Best health care system? Really, John Boehner?

Boehner: Affordable Care Act 'can't be fixed' 0:57

House Speaker John Boehner trashed president Obama’s health care plan again Thursday, accusing him of wrecking the world’s best health care system.

“This is going to destroy the best health care delivery system in the world,” Boehner said Thursday morning before President Obama announced a plan to fix the fallout over canceled health insurance policies.

But is it really? 

Two studies out this week — and studies going back 15 years or longer — show quite the opposite. Americans pay more per capita for health care than people in any other industrialized country. In return, we are sicker, die younger and are unhappier with the system.

The Commonwealth Fund, which does research on health care and health reform, has shown year after year in its regular surveys that Americans spend a lot more on health care than anyone else. Right now it’s $2.7 trillion a year — that’s $8,508 a head, compared to $5,669 per person in Norway and $5,643 in Switzerland, the next-highest-spending countries. New Zealanders spend just $3,182 per person.

And Americans aren't getting more or better care for that money. The U.S. has the eighth-lowest life expectancy in the Organization for Economic Co-operation and Development, which groups developed nations.

In the latest survey of more than 20,000 people from Australia, Canada, France, Germany, the Netherlands, New Zealand, Norway, Sweden, Switzerland, Britain and the U.S., Commonwealth researchers found that 37 percent of Americans went without recommended care, did not see a doctor when sick, or failed to fill prescriptions because of costs, compared to as few as 4 percent to 6 percent in Britain and Sweden.

And 23 percent of U.S. adults either had serious problems paying medical bills or were unable to pay them, compared to fewer than 13 percent of adults in France and 6 percent or fewer in Britain, Sweden, and Norway, Commonwealth reported Wednesday in the journal Health Affairs.

More than 40 percent of U.S. adults said they spent $1,000 or more out-of-pocket for care in the past year, by far the highest rate of any country surveyed.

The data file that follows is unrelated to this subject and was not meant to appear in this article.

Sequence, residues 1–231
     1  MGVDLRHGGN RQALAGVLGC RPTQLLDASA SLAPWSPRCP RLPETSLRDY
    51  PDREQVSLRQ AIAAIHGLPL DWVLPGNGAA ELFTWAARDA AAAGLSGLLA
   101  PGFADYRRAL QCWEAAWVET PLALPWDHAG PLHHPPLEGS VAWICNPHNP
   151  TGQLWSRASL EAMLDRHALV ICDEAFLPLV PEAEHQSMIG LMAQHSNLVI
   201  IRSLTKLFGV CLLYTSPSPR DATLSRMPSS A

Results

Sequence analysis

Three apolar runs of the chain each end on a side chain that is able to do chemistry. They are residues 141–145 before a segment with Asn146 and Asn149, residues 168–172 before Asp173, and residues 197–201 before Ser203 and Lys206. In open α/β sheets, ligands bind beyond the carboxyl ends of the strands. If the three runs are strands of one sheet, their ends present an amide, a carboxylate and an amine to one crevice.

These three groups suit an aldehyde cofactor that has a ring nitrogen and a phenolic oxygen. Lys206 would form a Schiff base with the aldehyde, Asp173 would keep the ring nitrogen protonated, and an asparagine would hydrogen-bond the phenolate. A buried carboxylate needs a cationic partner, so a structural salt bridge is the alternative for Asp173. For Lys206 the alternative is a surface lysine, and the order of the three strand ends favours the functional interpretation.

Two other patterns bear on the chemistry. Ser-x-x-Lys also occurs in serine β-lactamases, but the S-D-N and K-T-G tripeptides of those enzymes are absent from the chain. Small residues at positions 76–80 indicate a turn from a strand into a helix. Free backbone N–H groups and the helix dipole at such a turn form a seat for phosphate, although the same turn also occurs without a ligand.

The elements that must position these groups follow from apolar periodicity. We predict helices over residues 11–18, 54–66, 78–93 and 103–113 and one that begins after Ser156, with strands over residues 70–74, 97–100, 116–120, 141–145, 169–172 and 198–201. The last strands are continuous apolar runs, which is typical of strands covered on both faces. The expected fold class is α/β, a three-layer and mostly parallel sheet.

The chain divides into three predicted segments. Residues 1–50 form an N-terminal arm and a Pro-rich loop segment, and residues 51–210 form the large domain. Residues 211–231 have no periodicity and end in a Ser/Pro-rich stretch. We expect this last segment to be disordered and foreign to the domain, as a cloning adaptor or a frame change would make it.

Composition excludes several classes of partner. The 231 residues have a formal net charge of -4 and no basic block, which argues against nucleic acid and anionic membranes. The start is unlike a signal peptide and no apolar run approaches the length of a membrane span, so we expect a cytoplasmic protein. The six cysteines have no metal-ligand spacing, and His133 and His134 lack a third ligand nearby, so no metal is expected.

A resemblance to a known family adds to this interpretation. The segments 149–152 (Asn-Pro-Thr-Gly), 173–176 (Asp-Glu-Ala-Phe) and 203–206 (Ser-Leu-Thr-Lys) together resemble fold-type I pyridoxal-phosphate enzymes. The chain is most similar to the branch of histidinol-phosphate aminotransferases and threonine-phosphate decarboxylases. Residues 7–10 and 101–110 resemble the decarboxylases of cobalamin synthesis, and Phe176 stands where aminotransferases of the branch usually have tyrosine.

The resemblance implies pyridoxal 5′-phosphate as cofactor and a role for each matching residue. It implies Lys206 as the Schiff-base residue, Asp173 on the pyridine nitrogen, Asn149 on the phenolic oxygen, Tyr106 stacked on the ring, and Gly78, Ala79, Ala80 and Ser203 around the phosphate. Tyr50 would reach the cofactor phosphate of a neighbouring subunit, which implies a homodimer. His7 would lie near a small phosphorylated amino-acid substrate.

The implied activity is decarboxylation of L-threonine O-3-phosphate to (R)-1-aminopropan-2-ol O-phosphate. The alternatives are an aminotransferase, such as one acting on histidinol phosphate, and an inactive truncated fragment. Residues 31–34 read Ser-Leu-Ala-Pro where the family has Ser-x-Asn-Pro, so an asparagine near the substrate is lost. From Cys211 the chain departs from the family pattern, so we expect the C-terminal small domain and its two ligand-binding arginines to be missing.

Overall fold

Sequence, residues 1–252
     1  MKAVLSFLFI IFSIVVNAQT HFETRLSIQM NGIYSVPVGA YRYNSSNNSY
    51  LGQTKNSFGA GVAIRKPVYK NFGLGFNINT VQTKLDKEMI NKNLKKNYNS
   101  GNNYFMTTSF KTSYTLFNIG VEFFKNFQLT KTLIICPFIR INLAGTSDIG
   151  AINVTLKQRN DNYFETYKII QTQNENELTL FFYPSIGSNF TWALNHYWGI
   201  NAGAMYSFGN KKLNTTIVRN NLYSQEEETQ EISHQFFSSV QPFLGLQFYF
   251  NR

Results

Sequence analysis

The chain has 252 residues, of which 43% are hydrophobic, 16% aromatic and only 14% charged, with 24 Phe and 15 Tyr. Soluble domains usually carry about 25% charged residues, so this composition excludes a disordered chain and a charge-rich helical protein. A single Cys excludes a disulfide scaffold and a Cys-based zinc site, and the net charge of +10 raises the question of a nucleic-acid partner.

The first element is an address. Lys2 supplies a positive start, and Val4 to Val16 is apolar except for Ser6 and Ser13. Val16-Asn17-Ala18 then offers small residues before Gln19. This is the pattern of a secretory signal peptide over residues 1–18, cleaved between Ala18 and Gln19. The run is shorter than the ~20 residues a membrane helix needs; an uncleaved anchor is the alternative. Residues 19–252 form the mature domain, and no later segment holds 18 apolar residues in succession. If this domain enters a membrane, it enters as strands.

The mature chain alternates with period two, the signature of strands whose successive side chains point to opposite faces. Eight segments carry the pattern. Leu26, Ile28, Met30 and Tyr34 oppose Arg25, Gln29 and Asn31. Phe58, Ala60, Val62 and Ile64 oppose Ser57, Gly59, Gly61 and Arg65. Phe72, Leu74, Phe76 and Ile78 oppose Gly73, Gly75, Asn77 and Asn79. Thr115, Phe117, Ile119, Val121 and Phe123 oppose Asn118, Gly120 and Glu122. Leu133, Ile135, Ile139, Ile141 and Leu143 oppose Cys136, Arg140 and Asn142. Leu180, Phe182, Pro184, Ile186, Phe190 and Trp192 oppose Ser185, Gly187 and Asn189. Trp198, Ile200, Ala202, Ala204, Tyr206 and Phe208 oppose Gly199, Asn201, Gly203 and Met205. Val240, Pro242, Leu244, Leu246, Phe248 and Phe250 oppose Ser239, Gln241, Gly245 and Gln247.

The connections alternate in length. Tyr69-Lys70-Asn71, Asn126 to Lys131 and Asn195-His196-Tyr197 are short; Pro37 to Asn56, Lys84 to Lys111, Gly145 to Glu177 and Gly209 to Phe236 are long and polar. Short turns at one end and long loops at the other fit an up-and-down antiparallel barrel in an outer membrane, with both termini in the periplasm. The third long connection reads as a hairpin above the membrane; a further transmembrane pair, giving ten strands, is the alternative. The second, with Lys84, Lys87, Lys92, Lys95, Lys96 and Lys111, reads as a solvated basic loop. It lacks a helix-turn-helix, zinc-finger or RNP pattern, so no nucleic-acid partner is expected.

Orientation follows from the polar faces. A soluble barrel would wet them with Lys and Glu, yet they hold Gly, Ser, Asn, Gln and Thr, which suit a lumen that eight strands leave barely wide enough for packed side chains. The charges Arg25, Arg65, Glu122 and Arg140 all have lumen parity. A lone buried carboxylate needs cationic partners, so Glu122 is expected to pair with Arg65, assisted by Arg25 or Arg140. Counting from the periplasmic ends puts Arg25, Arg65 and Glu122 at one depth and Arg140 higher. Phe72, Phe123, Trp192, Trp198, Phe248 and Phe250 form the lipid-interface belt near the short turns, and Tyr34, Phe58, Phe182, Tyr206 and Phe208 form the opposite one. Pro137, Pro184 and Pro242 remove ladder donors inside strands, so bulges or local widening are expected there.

Most — 75 percent —of the 2,000 or so U.S. adults surveyed said the health system needs fundamental changes or to be rebuilt. Just half of Dutch and Swedish people did, while 63 percent of Britons said their system works well and only needs minor changes.

“The U.S. spends more on health care than any other country, but what we get for these significant resources falls short in terms of access to care, affordability, and quality,” said Dr. David Blumenthal, president of the Commonwealth Fund,

Americans also wait longer to see primary care doctors; 76 percent in Germany said they could get a same or next-day appointment, and 63 percent in the Netherlands, compared to 48 percent in the U.S. Only Canada scored worse, with 41 percent saying they could.

And the U.S. has more patients than anywhere else using the emergency room. A full 48 percent of Americans said they had used the ER in the past two years, compared to 31 percent in France and 22 percent in Germany and Australia.

Even the U.S. Institute of Medicine says U.S. health care is a mess, with tens of thousands of Americans dying from medical errors and drug overdoses, and with the system wasting $750 billion in 2009. 

And on Tuesday, a report in the Journal of the American Medical Association looked at improvements in the U.S. health care system. The upshot? They’re not really keeping up with the rest of the world. 

U.S. life expectancy is getting longer, but it’s lagging behind the longer lifespans enjoyed by people in most of western Europe and Japan. And there are huge disparities across the country, with people in states like Mississippi considerably less healthy than people in Colorado or New York City.